If you are a ‘left’-leaning thinker, you will know how the ‘left’ sees solutions to what ails society (and the world). You may have strong negative opinions on how the ‘right’ thinks about these same things. And there are gaps in your understanding of how the ‘right’ thinks.

If you are a ‘right’-leaning thinker, you will know how the ‘right’ sees solutions to what ails society (and the world). You will probably have strong negative opinions on how the ‘left’ thinks about these same things. Again, there are gaps in your understanding of how the ‘left’ thinks.

And if you claim the ‘centre’ or any other position along the political continuum, you too will have specific views and will see solutions, as do most humans – at least in part – to what ails society (and the world). And so on. And so on.


No matter how we humans are sliced or diced, each of us has beliefs, opinions, judgements and a knowledge base which shape our political views and actions. And here’s the issue: it’s that accumulation, and that alone, that prevents us from experiencing fluidity.

Why? Because through the filter of our past, our thinking is not on tap and fluid. Instead, it’s on top and frozen solid.

That’s the problem.

Our belief system, our ‘truths of the matter’, is what keeps us stuck in seemingly intractable problems. Problems like… well, you name them – they fill the news and social-media channels all day, every day.


When we listen to others without our beliefs getting in the way, we listen from the Realm of Possibility. And we discover that they too, with the heart of a decent person, have good intentions. We see that they know a thing or two (or maybe three, or even more), that we don’t.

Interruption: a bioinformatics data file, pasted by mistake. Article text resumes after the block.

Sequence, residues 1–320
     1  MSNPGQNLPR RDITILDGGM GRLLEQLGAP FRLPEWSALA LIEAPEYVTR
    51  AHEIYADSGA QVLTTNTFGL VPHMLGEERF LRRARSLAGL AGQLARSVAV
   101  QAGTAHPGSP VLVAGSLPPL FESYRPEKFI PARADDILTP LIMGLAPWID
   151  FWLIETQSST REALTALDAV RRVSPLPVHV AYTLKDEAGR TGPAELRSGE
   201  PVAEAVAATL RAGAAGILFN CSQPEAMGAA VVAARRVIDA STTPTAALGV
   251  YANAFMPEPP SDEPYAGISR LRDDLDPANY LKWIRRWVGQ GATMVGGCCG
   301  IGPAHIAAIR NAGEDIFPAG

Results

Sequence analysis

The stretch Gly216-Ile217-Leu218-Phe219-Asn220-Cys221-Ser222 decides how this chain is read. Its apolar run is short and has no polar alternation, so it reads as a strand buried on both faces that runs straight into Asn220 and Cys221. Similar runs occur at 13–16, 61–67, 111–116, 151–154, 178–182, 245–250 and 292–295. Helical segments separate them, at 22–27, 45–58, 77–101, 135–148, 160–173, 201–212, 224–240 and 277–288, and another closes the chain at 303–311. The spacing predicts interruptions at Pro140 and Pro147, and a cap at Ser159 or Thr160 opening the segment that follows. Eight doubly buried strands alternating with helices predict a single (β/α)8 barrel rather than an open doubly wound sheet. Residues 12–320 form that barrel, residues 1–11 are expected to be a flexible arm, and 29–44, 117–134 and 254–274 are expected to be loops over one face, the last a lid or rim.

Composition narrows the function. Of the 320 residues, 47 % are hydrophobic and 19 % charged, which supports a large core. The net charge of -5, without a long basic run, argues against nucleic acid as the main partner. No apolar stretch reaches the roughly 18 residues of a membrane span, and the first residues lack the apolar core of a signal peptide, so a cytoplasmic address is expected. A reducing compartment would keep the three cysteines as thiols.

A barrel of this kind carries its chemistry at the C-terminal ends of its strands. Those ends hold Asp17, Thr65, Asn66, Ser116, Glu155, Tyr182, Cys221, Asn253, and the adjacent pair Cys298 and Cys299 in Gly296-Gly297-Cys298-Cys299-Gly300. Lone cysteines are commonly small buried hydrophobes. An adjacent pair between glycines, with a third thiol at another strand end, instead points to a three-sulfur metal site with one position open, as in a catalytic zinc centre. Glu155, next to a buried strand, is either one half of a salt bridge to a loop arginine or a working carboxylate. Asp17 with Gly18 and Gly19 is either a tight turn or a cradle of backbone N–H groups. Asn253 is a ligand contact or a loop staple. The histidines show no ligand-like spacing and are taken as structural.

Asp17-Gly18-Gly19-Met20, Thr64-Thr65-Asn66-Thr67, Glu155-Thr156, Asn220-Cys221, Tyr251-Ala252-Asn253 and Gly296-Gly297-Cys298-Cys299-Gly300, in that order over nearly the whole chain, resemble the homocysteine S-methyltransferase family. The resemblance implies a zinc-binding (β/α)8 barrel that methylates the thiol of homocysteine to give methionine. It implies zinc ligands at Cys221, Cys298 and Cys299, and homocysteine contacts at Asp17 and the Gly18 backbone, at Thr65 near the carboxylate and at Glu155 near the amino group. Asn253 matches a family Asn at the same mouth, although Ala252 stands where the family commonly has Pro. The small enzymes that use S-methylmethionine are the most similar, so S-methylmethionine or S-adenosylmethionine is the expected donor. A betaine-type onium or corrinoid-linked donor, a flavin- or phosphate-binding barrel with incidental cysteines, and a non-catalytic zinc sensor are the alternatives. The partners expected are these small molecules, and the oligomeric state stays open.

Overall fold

We see that they too have the common good at heart even though they may have, amid the travails of life, lost temporary connection with their noble feelings and become intransigent, inflexible, uncompromising. Just like us.

So how do we listen to others into ‘being’ who they really are?

It requires you and me to stop listening to our own beliefs, opinions, judgements and knowledge.

It demands that we explore the thinking, not of ourselves, but the other.

It calls us to understand what others think and why they think it.

It insists that we see into the depth of what matters to the other and what the other thinks works.

It asks us to drop what we think we know and to enter the realm of the unknown – the yet-to-be-seen.

It urges us to understand what creates the separate reality in which each of us seven billion-plus human being’s lives.

It’s in those times, sitting quietly in the unknown, at peace in the yet-to-be-seen, silent before the other, that we discover, that we each hold the potential of seeing into The Realm of Possibility: and we see a new, fresh, original and sustainable way forward.

It’s from that state of mind that we see our state of impossibility for the illusion it is. Even more, in that same instant, we see the unifying power of Possibility.

Having seen Possibility, we are then ready to do what really matters and what really works.

We are now infused by our innate state of kindness, understanding, wisdom and common sense.

Warmly … John

  • If you would like information on, or to purchase a copy of the book The Realm of Possibility … a state of mind, please click here.